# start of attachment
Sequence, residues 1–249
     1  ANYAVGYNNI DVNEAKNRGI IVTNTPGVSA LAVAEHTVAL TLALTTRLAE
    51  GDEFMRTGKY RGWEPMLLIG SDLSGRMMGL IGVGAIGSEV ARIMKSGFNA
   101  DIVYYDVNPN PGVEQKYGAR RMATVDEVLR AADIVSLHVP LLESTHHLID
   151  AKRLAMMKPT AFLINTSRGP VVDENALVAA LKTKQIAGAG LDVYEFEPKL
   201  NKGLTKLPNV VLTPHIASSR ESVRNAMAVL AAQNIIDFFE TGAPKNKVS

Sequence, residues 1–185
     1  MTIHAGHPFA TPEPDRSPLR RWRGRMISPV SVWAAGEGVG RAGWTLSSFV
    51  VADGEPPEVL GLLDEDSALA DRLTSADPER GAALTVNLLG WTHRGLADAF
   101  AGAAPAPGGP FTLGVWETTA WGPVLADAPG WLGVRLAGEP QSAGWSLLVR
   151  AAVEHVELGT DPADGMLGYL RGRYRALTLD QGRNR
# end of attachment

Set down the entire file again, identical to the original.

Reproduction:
Sequence, residues 1–249
     1  ANYAVGYNNI DVNEAKNRGI IVTNTPGVSA LAVAEHTVAL TLALTTRLAE
    51  GDEFMRTGKY RGWEPMLLIG SDLSGRMMGL IGVGAIGSEV ARIMKSGFNA
   101  DIVYYDVNPN PGVEQKYGAR RMATVDEVLR AADIVSLHVP LLESTHHLID
   151  AKRLAMMKPT AFLINTSRGP VVDENALVAA LKTKQIAGAG LDVYEFEPKL
   201  NKGLTKLPNV VLTPHIASSR ESVRNAMAVL AAQNIIDFFE TGAPKNKVS

Sequence, residues 1–185
     1  MTIHAGHPFA TPEPDRSPLR RWRGRMISPV SVWAAGEGVG RAGWTLSSFV
    51  VADGEPPEVL GLLDEDSALA DRLTSADPER GAALTVNLLG WTHRGLADAF
   101  AGAAPAPGGP FTLGVWETTA WGPVLADAPG WLGVRLAGEP QSAGWSLLVR
   151  AAVEHVELGT DPADGMLGYL RGRYRALTLD QGRNR